Murderous Art

The rash of mass shootings in America speaks not just to the absence of rational gun laws, but also to a culture that glorifies violence, in the reality of endless warfare and in the fantasy of entertainment. While some response must come through politics, other action can come from individuals, says Michael N. Nagler.

By Michael N. Nagler

Until recently I didn’t even know there was such a thing as white supremacist music. Wade Michael Page knew; the “domestic terrorist” who killed six people at the Oak Creek Sikh temple in Wisconsin had played in a neo-Nazi band called “Definite Hate” and started one called “End Apathy” in 2005.

So Page, when you think of it, has something in common with his immediate predecessor in mass murder, James Holmes, who perpetrated the Aurora, Colorado, shooting two weeks earlier.  Despite their differences, in his case also a form of contemporary “art,” namely the Batman film, played some role in the buildup to his murderous violence.

Shortly after the Wisconsin tragedy I happened to pass the local movie house whose posters line the sidewalk. One, cleverly combining sex and violence, was an extremely offensive, larger-than-life, depiction of a naked woman being groped from behind by a robotic zombie.

As any advertiser will tell you, you can sell anything if you connect it, sub-rationally, with one of our deep desires. In this case (as in most) the desire is designed to unite people and create life; but what it’s “selling,” ironically, is a culture of violence and death.

Mind you, we’re not talking about a red-light district in Vegas; this is the main street of a smallish American town. Schoolchildren walk by these posters every day, mostly without adult supervision. What must they be thinking?

What are we thinking? The day after the Aurora shooting four victims of the previous day’s terror came to pay respects to the dead and wounded: all four wearing Batman tee shirts! I guess people will cling to their culture without ever asking where it’s taking them.

If I were a typical follower of today’s media, what would I understand about the Aurora shooting? That he drove a white Hyundai, that he purchased exactly 6,000 rounds of ammunition (all totally legal), and dyed his hair bright red. What I would not understand, what I would find it hard to think about in that welter of details, is, why is our country having an epidemic of mass murders? Sixty of them since 1982.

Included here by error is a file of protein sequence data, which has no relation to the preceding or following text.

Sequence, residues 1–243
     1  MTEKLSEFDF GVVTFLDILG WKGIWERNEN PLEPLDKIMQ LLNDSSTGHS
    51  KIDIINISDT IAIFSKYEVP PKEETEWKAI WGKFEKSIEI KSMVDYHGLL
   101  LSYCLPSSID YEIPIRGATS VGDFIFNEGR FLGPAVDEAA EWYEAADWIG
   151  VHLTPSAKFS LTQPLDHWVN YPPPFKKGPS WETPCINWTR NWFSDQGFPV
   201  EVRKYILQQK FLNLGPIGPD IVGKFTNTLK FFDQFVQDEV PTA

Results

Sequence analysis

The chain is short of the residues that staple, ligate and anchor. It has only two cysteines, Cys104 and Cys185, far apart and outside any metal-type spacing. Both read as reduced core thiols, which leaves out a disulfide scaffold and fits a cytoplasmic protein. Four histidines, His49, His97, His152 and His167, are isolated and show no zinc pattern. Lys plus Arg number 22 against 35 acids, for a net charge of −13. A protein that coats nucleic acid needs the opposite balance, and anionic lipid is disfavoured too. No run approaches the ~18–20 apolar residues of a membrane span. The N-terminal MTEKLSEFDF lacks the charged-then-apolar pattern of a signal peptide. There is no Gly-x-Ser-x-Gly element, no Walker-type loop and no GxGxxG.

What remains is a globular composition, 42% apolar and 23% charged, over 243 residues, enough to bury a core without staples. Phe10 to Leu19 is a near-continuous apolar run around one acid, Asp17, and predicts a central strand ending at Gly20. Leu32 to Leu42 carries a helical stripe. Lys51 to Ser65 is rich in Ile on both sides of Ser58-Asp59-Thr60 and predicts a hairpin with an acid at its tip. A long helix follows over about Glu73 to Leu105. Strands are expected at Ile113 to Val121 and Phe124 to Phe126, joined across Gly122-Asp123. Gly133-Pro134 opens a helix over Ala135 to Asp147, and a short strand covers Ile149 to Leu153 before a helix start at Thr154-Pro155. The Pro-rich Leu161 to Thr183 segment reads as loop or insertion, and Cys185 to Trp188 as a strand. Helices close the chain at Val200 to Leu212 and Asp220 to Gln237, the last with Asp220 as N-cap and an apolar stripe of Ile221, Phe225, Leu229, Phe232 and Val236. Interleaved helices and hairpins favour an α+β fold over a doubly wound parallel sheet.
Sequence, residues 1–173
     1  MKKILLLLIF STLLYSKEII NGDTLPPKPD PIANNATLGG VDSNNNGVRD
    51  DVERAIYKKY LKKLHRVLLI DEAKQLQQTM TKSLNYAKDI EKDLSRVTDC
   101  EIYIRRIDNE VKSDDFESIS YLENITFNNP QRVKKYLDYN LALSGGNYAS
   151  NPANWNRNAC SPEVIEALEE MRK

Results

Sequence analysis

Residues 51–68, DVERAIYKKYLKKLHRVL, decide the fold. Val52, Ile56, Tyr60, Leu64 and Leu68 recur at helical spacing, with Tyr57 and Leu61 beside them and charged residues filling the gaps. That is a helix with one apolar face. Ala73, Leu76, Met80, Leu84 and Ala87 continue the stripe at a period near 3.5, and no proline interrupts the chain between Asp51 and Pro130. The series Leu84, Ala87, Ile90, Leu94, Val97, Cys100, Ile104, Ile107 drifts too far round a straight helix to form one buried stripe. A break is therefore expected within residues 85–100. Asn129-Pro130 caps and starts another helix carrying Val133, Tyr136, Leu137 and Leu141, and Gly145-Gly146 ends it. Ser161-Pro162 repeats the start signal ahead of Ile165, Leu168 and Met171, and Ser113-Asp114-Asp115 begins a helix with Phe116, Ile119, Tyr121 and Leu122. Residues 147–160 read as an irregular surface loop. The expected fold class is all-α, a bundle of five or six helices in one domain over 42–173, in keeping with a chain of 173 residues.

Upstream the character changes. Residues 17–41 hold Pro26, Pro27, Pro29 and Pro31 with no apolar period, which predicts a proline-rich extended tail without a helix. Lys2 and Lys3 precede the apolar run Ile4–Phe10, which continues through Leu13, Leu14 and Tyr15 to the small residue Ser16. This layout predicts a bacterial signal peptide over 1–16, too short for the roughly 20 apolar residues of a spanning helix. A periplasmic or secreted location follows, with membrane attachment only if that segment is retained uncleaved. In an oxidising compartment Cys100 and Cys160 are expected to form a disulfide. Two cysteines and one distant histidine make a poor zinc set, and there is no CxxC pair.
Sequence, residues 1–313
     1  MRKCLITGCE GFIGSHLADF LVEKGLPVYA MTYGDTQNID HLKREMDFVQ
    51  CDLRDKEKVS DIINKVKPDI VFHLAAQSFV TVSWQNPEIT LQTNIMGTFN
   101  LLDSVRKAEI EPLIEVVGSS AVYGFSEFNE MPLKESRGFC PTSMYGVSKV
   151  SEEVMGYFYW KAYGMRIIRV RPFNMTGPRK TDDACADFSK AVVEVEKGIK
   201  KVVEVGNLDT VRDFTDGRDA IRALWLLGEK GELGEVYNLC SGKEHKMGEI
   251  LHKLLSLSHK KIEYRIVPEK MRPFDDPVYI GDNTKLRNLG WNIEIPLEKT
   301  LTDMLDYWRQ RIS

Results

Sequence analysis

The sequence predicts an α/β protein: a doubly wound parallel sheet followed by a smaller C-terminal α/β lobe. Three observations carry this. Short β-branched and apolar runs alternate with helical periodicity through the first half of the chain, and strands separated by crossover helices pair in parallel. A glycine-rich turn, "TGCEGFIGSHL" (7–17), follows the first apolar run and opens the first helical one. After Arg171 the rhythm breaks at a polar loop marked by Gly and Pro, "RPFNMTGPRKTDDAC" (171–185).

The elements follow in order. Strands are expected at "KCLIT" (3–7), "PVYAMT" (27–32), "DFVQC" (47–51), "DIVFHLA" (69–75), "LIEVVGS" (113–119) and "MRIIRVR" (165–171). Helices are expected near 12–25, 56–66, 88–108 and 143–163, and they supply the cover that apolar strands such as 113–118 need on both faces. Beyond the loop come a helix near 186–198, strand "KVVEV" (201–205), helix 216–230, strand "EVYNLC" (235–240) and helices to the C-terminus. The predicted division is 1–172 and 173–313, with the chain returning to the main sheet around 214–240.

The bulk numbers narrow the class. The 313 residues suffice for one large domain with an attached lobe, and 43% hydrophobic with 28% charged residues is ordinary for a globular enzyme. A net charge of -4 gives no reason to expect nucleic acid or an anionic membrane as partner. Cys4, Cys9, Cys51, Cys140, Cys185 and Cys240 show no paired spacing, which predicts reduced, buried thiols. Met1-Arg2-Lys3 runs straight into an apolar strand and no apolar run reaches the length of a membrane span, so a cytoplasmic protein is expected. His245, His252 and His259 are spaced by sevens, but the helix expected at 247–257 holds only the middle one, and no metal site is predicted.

That is the real question, after all; and even to ask it is to spot a very good candidate for the answer: we have a popular culture that’s filling our minds with violent images, and news media that distract us from understanding it. A culture that smears over the distinction between fantasy and reality (when Holmes, playing the Joker from the Batman series, started his attack many thought it was part of the movie), and journalism more interested in lurid details or bland statistics than their meaning.

If the philosopher Epictetus is correct in his observation “The only thing that you can control, and you must therefore control, is the imagery in your own mind”  we have defaulted on our most important responsibility as human beings, the care of our own minds.

There is a bright side. We can get it back. There is nothing to prevent you and me from stemming the flow of violence into our minds, as far as possible, and thinking for ourselves. If journalists, or lawyers, need to ask, what was it about this particular person that led him to do this particular thing, looking for reasons in those who have left all reason behind, we needn’t join that exercise in futility. Instead, we can look at our own vulnerabilities, and power.

I would not underestimate the potential impact of each of us, you and me, taking back responsibility in this way. We are not talking about bodies or votes here, where numbers really are important, but ideas and images, which have a power of their own.

Clearly, if we want to be free of these murderous rampages we will have to face one very awkward fact: that the people who do these killings are part of us. They have crossed the line between fantasy and physical reality, but that line is getting blurrier all the time for all of us (look at “Stars Earn Stripes,” NBC’s new war game reality show where celebrities play soldier).

The mental world of fear and darkness they live in is only an extreme form of the world we’ve created all around us, and therefore within us.

Mind, I am not against art. I taught comparative literature at Berkeley for 40 years. But stirring up our crudest animal drives is not art. Driving ourselves into prisons of mental isolation is the opposite of art, a perversion of its purpose.

When an FBI spokesperson was asked why the agency did not keep closer tabs on an obvious lunatic like Wade Michael Page, he replied, there are “thousands of them” in the white supremacy movement (not to mention others). Will we ever be secure trying to guess who is about to go over the edge? No, but we will be if we can create a new, sane culture. And while legislation may come in handy at various stages of that process, this is something we can only begin one mind at a time.

Michael Nagler is professor emeritus of Classics and Comparative Literature at UC, Berkeley and the author of The Search for a Nonviolent Future.